HIMALAYA – Eine Reise zum Dach der Welt mit der FUJIFILM X-T2

Niklas Eschenmoser

Niklas Eschenmoser ist ein 22-jähriger Schweizer Fotograf mit Wohnsitz in St.Gallen.

Seine Fotografie ist geprägt von stimmungsvollen und dynamischen Landschaften sowie von Bildern, die das Leben und Aktivitäten in der Natur dokumentieren.
Sein Ziel ist es, interessante Atmosphären an unberührten Orten der Natur fotografisch festzuhalten, um den BetrachterInnen neue Perspektiven der faszinierenden Bergwelt zu verschaffen und das Bewusstsein für die wertvolle Natur in unserer Gesellschaft zu stärken.

«Red light shone on the huge mountains of Mount Everest, Lhotse and Nuptse. We could hardly believe our luck when we stood at 5300 meters above an endless sea of ​​fog and the highest mountains in the world rose in front of us. »

We spent 16 days between the giants of the Himalayas. During these days we experienced a breathtaking mountain landscape and physical exertion like never before. Together with two friends I hiked the route to Gokyo, over the Cho La Pass, to Chukhung and then back to Lukla.

To capture my trip, I used my three year old FUJIFILM X-T2, which is still working well and still delivers impressive image quality.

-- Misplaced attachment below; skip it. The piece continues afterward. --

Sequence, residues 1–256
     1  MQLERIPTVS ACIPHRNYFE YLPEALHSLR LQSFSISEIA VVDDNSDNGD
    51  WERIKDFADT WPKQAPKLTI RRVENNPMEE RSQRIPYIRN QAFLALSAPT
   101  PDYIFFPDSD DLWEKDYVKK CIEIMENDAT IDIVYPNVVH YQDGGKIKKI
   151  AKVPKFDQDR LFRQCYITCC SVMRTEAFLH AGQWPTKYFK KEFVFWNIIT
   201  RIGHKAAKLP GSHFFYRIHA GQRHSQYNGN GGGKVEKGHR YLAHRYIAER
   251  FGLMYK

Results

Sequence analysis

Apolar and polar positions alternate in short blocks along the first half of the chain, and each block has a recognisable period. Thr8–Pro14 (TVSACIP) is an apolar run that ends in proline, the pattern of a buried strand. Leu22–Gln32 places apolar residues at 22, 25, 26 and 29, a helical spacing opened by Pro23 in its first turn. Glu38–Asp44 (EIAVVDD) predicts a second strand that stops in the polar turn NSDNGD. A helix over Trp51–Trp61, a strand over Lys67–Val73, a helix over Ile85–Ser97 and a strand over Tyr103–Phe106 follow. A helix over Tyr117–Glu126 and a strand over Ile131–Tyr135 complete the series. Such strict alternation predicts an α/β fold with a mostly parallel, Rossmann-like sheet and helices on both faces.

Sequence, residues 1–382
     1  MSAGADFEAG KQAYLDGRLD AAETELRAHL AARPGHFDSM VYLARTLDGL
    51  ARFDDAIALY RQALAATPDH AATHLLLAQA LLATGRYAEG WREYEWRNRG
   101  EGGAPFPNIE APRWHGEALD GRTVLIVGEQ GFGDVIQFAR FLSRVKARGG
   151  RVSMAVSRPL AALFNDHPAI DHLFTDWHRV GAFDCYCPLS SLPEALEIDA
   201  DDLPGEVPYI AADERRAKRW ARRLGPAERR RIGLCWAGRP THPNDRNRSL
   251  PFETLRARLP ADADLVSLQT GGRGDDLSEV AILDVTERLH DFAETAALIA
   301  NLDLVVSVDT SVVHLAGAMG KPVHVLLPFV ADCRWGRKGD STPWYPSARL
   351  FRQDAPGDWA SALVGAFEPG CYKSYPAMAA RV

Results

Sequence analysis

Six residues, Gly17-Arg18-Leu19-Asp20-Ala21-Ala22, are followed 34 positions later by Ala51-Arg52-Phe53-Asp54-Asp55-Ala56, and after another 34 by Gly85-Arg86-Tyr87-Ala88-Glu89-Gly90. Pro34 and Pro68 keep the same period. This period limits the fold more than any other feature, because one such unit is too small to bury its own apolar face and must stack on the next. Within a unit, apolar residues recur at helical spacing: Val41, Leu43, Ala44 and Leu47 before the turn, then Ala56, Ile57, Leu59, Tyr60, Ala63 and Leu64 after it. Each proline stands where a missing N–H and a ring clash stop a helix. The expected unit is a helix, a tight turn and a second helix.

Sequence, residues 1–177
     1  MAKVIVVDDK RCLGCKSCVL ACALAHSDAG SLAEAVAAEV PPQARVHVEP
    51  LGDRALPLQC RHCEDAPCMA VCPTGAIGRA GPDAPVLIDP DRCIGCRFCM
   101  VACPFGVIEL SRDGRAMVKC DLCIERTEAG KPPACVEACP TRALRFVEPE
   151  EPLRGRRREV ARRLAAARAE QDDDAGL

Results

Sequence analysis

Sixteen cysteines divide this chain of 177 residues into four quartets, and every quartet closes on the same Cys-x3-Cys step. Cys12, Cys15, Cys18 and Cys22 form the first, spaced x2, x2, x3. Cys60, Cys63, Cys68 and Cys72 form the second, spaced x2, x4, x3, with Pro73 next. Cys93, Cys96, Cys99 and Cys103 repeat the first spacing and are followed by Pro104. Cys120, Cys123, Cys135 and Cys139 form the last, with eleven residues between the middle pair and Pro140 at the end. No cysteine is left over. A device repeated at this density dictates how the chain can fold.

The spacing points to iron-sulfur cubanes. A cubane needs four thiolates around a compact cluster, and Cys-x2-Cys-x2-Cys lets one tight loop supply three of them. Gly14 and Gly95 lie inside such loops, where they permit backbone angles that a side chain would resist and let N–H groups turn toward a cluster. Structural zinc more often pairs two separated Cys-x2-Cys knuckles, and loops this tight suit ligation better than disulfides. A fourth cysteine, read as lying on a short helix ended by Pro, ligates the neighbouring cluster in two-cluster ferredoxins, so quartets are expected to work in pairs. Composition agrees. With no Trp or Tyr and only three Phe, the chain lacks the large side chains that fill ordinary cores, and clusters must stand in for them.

Together with the FUJIFILM X-T20 as a backup camera and the Fujinon lenses:

10-24mm F / 4, 16mm F / 1.4, 35mm F / 2, 50mm F / 2 and the 55-200mm F / 3.5-4.8 I was well equipped for the trip.

The trek started on wide trails towards the Namche Bazar, where innumerable yaks, donkeys and porters stayed to ensure the infrastructure for tourism.

It is incredible how heavy loads these people can carry. Certain porters have up to 100kg on their backs. With great curiosity we ran the way along many small villages and a few suspension bridges ever deeper into the high mountains. After a stopover in the village of Namche Bazar, we hiked on dusty paths into the Gokyo Valley and slowly left the tree line.


Here we saw for the first time the mighty Ama Dablam, which is probably one of the most impressive mountains in the world. The conditions in the accommodations became easier and the nights colder. A double room in Dole cost the equivalent of just 80 cents.



The path continued along the Ngozumpa glacier into the valley. At 36km in length, this is the longest glacier in the Himalayas. Due to the thinning air and our heavy backpacks, hiking at over 4000 meters was a challenge. Fortunately we did not feel any signs of altitude sickness and on the 5th day we arrived in Gokyo at 4800 meters with a magical sunset.



For further acclimatization we decided to stay in Gokyo for three days and to do day tours from here.
Despite the now slight headache, we decided to climb the 5417m high Renjo La Pass, where we were rewarded with a magnificent view of the highest peaks of the Khumbu region.



The 5553 meter high Ngozumpa Tse is a rarely climbed peak at the end of the valley. The next day we crept up the mountain on challenging terrain. The feeling of being on the top was overwhelming and emotional. We were surrounded by countless 7000 and 8000 meter high mountains in one of the most spectacular mountain worlds on earth.